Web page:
Todd F. Gaziano

President, Center for Individual Rights

Todd Gaziano is the President of the Center for Individual Rights. Mr. Gaziano received his J.D. in 1988 from the University of Chicago Law School, where he was a John M. Olin Fellow in Law and Economics. He received his B.A. from West Virginia University, summa cum laude in 1985. He was selected as a Truman Scholar from West Virginia while an undergraduate.

Mr. Gaziano’s previous legal work includes service as a law clerk for U.S. Court of Appeals for the Fifth Circuit Judge Edith Jones, as an attorney in the U.S. Department of Justice Office of Legal Counsel, as a chief subcommittee counsel in the U.S. House of Representatives, as a Houston trial attorney, and as a chief corporate legal officer. He also served a six-year term as commissioner on the U.S. Commission on Civil Rights (2008-2013), where he helped conduct oversight and investigations of civil rights agencies.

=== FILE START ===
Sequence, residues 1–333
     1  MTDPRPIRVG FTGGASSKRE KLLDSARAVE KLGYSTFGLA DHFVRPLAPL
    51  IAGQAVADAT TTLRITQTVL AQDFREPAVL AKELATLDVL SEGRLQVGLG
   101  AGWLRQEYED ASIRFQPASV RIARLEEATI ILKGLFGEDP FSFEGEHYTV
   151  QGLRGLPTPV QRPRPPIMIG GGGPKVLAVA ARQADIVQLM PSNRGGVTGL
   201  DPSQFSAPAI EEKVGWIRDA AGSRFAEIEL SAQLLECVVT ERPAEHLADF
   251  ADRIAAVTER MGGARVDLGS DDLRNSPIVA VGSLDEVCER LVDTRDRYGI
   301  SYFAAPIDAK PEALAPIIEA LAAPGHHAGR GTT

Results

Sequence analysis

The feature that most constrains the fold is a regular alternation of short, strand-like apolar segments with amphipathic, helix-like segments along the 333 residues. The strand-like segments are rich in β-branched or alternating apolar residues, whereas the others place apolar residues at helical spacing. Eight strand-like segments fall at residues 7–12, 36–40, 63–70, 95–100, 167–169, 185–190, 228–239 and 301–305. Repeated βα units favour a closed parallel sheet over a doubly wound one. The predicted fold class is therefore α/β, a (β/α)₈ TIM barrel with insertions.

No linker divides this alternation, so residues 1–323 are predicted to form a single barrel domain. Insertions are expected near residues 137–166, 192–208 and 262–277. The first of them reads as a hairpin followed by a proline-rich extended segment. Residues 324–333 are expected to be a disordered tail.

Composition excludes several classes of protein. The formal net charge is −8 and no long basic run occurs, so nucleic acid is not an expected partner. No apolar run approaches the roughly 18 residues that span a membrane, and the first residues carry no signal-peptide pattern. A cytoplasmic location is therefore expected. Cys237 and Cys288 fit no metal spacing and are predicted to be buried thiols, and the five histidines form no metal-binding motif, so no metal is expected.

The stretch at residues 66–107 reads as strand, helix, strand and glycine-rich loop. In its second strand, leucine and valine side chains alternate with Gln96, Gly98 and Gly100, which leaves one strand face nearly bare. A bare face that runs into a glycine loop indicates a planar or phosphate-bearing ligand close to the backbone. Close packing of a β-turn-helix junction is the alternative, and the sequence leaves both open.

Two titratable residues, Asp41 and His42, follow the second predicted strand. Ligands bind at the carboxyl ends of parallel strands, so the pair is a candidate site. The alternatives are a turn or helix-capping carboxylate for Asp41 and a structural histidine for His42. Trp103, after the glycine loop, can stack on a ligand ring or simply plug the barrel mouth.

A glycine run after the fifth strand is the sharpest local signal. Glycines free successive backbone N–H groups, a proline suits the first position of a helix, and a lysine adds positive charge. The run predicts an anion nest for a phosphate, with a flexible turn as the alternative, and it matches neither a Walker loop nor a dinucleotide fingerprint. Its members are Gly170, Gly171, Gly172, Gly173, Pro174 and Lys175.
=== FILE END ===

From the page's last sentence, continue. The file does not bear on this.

For most of the last 25 years, Mr. Gaziano was a legal scholar and public interest law leader, promoting individual liberty in the Supreme Court and Congress. From 1997 to 2013, he was the founding director of the Edwin Meese Center for Legal and Judicial Studies at The Heritage Foundation. From 2014 until he joined CIR, he was the Chief of Legal Policy and Strategic Research, and Director of the Center for the Separation of Powers, at Pacific Legal Foundation.


A person listed as a contributor has spoken or otherwise participated in Federalist Society events, publications, or multimedia presentations. A person's appearance on this list does not imply any other endorsement or relationship between the person and the Federalist Society. In most cases, the biographical information on a person's "contributor" page is provided directly by the person, and the Federalist Society does not edit or otherwise endorse that information. The Federalist Society takes no position on particular legal or public policy issues. All expressions of opinion by a contributor are those of the contributor.

Will the Courts Take Congressional Delegations of Power to Regulatory Agencies Seriously?
This event has concluded.